Finally, each of our code repos has a thorough set of unit and integration tests.
Hopefully the above gives you a sense of the architecture and infrastructure involved in bringing even a simple binary classifier into stable production at scale.
And that’s just our high-level architecture. With our predictors being so critical to our business, we’ve written custom code to train and serve our models in a low-level language, D. We’ve optimized our D code for our use cases: we’ve disabled garbage collection (violates our latency requirement), removed any allocations on the heap, rewritten performance bottlenecks using intrinsics, added logic to price a batch of ads at a time with multithreading, and more. And on the algorithm side, we now use an extension of logistic regression, factorization machines.
So far we’ve only discussed our click predictor. We have a number of other predictors with their own quirks as well as an ever-evolving set of logic to choose a bid price in the face of evolving auction dynamics, notably the recent rise in header bidding.
The best thing about working on Data Science Engineering at AdRoll is that you work at the intersection of so many interesting fields: math, statistics, computer science, machine learning, computer networking, economics, game theory, and even web development. Most of our projects overlap with a number of these fields, and our team has a diverse group of engineers with backgrounds across these fields so there is always something new to learn and someone to learn from. We are regularly looking for new engineers so if these areas interest you, let us know!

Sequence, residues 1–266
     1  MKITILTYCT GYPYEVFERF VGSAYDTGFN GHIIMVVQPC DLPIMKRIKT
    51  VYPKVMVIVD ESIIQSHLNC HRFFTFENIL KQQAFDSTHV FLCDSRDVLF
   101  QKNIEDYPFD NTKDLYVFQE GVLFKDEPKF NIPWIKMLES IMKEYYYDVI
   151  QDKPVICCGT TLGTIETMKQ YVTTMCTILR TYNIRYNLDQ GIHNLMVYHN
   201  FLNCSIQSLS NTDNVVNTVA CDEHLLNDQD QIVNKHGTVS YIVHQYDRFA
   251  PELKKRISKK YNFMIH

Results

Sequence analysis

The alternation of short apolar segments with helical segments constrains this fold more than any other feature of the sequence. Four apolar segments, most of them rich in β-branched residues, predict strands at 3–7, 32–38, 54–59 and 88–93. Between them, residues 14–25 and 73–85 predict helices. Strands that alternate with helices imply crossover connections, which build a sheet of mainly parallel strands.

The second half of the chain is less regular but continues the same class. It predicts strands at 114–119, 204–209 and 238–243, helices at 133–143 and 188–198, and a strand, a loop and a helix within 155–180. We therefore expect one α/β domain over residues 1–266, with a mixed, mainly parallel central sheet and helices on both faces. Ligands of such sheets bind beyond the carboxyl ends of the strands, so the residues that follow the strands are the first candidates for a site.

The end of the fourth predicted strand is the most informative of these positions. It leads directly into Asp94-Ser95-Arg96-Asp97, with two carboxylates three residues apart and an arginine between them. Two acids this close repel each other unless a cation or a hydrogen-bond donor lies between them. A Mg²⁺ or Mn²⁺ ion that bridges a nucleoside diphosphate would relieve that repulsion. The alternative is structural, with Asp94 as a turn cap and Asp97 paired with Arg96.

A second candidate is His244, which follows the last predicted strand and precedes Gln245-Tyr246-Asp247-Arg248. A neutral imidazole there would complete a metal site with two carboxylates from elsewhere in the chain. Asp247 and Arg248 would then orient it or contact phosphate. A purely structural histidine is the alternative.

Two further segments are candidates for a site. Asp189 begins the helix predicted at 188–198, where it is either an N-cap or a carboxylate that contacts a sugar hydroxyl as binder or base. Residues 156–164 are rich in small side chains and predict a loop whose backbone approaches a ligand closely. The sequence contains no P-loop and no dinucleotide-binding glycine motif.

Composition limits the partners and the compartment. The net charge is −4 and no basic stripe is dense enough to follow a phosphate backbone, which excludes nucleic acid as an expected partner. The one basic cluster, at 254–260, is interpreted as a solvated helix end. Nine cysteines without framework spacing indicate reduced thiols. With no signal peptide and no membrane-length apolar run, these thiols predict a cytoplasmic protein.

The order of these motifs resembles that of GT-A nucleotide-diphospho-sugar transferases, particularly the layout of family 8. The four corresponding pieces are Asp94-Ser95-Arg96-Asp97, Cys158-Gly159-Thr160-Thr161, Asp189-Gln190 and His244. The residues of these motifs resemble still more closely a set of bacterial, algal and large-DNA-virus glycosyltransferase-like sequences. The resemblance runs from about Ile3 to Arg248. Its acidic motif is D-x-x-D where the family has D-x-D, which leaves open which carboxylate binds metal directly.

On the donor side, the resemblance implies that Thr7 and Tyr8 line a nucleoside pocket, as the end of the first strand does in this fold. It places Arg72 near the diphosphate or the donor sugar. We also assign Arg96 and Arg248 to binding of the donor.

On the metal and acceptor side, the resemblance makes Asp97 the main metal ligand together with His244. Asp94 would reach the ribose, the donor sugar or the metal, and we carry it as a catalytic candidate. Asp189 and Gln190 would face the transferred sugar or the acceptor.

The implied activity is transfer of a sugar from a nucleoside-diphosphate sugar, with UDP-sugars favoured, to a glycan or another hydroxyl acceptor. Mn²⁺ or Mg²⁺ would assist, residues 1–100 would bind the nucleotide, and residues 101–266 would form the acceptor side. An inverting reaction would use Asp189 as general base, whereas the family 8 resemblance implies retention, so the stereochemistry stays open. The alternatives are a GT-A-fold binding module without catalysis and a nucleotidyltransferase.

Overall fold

List of AWS tools we use
- ASG – scalable group of EC2 instances
- Batch – easy way to run a docker image
- DynamoDB – low latency NoSQL database
- EC2 – on-demand machines to run our code
- ECR – repo for docker images
- S3 – cloud storage for flat files
List of third party / open source tools we use
- Datadog – reporting for live metrics
- Docker – simple containerization
- Luigi – simple pipeline logic to kick off jobs once upstream ones finish
- Pager Duty – alarm system to alert engineers when something goes wrong
- Presto – fast SQL query engine which can also query large csv files on S3
- Terraform – simple declaritive language to create and modify AWS infrastructure
Do you enjoy designing and deploying machine learning models at scale? Roll with Us!